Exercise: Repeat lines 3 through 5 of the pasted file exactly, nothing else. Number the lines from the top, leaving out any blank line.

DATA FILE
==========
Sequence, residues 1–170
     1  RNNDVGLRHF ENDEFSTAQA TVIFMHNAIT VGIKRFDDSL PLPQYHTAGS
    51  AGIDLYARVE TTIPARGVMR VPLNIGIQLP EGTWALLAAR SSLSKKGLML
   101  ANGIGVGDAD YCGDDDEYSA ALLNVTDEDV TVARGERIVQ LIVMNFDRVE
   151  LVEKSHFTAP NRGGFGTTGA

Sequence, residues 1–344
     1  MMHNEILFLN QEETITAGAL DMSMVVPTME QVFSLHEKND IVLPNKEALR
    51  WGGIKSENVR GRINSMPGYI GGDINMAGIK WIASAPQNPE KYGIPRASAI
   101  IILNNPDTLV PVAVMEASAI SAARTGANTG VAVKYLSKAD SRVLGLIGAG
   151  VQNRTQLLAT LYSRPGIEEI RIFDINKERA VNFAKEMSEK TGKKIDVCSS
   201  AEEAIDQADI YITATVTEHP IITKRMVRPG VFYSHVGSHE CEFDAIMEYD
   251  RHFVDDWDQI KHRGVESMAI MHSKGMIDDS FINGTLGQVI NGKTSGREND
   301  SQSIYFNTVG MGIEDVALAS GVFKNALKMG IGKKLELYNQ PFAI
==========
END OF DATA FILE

    51  AGIDLYARVE TTIPARGVMR VPLNIGIQLP EGTWALLAAR SSLSKKGLML
   101  ANGIGVGDAD YCGDDDEYSA ALLNVTDEDV TVARGERIVQ LIVMNFDRVE
   151  LVEKSHFTAP NRGGFGTTGA